16 August 2019  |

Dear Aunt Sevvy:

Not long ago at church one of the older women walked up to me and said, “This has been bothering me for a long time. That’s not your real hair color, is it?” At first I made a joke about covering my gray. But she gave me a stern stare and said, “You should read what Ellen White says about women’s appearance.” 

I’m not the kind of person who gets easily offended and quits coming to church. I know us Adventists well, I love this old woman, and I know she didn’t mean to hurt me. She was just concerned, and had no tact. But I wish I’d had a good answer to give her. Ellen White did have opinions about women’s appearance, and though my intuition tells me that I don’t need to go strictly by 19th century appearance standards, I’d like to know what I could say next time. 

Signed, Not a Natural Redhead


Dear Not Natural,

Aunt Sevvy believes that Ellen White was a kind, thoughtful, and tactful woman and would be offended by the way people have used her words to try to control the actions of others. 

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The frequency with which her advice is misused is appalling. Modern “modesty” advocates say that Ellen wanted women to wear skirts that almost touched the ground. But even back then when some were trying to enforce skirt length on others, Ellen pushed back. “The proper distance from the bottom of the dress to the floor was not given to me in inches… “ She explained that it was a practical matter to wear a skirt that “cleared the filth of the street and sidewalk a few inches under all circumstances, such as ascending and descending steps.” (Selected Messages Book 3, 277-278.) That is just good advice! Who wants grimy, germy hems? 

While Aunt Sevvy doesn’t know Mrs. White’s exact intentions regarding hair color, we can interpret her fashion advice generally by these two principles:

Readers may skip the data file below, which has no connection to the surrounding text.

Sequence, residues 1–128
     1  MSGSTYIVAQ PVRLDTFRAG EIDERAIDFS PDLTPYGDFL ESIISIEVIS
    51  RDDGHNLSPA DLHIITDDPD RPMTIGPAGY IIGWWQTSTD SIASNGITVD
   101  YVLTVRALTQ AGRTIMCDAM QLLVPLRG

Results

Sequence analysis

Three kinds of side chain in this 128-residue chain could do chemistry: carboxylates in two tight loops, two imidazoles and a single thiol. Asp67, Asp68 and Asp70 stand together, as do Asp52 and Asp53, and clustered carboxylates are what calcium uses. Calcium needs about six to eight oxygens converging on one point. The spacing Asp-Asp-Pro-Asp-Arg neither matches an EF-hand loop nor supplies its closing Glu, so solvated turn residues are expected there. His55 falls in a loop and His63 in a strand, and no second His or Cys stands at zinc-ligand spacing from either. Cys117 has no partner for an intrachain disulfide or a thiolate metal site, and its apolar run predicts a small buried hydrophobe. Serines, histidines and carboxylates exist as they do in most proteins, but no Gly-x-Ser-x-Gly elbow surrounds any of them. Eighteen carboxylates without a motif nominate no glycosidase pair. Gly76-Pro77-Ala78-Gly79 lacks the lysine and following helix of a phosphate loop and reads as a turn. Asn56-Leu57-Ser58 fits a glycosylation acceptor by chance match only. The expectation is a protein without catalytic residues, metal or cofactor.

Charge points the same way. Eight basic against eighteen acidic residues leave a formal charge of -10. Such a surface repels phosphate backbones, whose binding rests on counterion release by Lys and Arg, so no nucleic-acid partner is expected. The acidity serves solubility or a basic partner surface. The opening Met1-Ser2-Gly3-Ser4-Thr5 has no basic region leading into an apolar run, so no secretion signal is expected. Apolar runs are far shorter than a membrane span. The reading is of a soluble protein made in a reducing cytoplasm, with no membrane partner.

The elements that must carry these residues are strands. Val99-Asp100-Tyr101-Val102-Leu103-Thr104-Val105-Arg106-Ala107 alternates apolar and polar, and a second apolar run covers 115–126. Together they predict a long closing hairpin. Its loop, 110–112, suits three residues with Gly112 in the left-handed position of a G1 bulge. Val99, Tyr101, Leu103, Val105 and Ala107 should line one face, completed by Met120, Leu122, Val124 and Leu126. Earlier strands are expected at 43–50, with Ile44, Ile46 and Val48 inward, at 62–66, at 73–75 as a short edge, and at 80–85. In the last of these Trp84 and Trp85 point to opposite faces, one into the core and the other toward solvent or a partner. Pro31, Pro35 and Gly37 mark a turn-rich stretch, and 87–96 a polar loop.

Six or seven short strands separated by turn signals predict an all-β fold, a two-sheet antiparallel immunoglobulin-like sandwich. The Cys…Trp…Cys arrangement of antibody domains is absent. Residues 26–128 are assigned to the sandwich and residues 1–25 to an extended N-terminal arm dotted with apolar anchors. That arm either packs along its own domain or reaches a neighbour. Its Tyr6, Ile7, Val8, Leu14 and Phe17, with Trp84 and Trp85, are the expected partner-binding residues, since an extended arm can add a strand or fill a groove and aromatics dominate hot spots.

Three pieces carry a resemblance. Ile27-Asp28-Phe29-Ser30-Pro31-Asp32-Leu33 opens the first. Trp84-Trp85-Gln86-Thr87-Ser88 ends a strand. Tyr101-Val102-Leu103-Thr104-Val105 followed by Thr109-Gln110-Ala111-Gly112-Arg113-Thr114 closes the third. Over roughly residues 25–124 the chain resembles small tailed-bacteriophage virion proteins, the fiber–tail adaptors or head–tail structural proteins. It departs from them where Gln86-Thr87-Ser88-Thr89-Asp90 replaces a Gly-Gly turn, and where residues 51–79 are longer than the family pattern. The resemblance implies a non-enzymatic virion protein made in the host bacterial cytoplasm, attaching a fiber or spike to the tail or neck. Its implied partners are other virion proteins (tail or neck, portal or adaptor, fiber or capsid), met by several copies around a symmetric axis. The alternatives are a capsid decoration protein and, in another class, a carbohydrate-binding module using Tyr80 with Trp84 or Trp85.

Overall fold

1. She didn’t want people to spend unwisely, showing off, or being unsafe or unhygienic. Covering your gray is none of those things. 
  2. Ellen White was a reasonable woman who lived in a specific time in history, and was seeing through the lens of that time. That must be taken into account when we read her advice regarding fashion, which was very different (and not always better) than today. 

I want to compliment you on your positive attitude. Any time we’re in any family or community, there will be people who are undiplomatic and pushy. You did well in assuming the best about her and laughing it off, rather than arguing with her. There’s no better way to silence critics than to be confident, carefree, living well and loving others in spite of them.

However, you might want to watch out for others in church who aren’t as forbearing and easy-going as you are, and rescue them—or at least reassure them—should this dear sister decide to straighten them out. 

Enjoy your hair, whatever color you choose it to be. 

Hair-dyed and happy,

Aunt Sevvy


You can write to Aunt Sevvy at DearAuntSevvy@gmail.com. Please keep questions or comments short. What you send us at this address won’t necessarily be, but could be, published—always without real names. Aunt Sevvy writes her own column, and her opinions are not necessarily those of Adventist Today’s editors.

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